Professor Sue Vinnicombe and Dr Elena Doldor will examine the findings of their latest research about women on FTSE 350 boards and the role of targets in improving gender and ethnic diversity, before discussing the policy implications of their research with Visiting Professor, Jo Swinson.
On 24 September 2020 the Gender, Leadership and Inclusion Centre launched their new Women on Boards annual report, which analysed the current situation on gender diversity on the FTSE 350 corporate boards and examined how leading organisations are making targets work for them.
In this webinar, Sue Vinnicombe and Elena Doldor will review the progress made by women on FTSE 350 boards with a particular focus on FTSE 100 boards. They will not only look at the increases in numbers of women on boards but also the roles they play, their tenures and whether they have multiple directorships. Whilst all FTSE 350 boards have already hit the Hampton Alexander target of 33% women on boards set for the end of 2020, it is increasingly clear that women are not getting positions of influence such as Chair, SID or Committee Chair. We will discuss the implications of these findings.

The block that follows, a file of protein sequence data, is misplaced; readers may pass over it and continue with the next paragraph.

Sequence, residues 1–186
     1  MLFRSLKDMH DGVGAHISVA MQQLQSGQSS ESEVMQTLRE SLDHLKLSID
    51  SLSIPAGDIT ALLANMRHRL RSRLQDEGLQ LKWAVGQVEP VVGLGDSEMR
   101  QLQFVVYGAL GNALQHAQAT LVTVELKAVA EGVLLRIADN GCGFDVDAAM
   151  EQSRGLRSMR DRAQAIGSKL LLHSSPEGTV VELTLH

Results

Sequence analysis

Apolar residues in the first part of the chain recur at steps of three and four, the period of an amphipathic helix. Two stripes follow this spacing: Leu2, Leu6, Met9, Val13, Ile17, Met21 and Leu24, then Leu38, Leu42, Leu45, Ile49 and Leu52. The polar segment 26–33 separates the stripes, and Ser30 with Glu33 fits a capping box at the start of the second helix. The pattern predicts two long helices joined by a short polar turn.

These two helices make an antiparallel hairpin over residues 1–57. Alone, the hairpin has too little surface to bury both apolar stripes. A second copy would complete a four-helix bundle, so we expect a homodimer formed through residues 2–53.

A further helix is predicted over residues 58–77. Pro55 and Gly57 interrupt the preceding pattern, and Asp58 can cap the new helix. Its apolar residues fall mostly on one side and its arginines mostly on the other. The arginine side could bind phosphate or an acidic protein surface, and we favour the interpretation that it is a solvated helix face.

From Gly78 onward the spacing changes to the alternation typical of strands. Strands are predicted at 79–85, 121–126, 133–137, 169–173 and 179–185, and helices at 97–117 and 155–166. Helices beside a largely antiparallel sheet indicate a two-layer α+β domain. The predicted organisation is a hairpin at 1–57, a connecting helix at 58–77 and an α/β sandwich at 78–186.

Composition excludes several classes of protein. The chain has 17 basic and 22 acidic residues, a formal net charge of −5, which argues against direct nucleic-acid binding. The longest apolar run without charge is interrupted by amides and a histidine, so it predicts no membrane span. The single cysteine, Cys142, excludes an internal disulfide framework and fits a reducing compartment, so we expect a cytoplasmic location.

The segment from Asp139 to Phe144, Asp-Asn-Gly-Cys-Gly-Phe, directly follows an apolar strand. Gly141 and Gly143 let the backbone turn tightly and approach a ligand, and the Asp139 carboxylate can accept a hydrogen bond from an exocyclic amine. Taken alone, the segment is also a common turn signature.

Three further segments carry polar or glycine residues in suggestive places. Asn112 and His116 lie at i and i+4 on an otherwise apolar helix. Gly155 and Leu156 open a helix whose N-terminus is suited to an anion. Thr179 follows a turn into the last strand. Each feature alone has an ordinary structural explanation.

The webinar will also look at the findings from a special project investigating how major organisations are making targets work for them in their pursuit of greater gender and ethnic diversity. Davies and Hampton Alexander have helped to normalize the use of diversity targets and many organisations are happy to just adopt the targets set for FTSE 350 companies, but there is still work to be done to explain that diversity targets do not compromise meritocracy, but rather enable it.
Other key points were:
- Two aspects of targets are critical; ambitiousness and accountability. The trend tends to be a target of 30%-40% women in senior leadership roles.
- There was significant variance around how organisations enforce their targets.
- Targets were seen as a tool for culture change. Targets can create scrutiny and uproot bias across key talent management processes.
- Participants raised both dangers and opportunities regarding the impact of COVID-19 on the D and I agenda. Organisations do need to address more proactively the long-term effects of the current pandemic on the pipeline of female talent.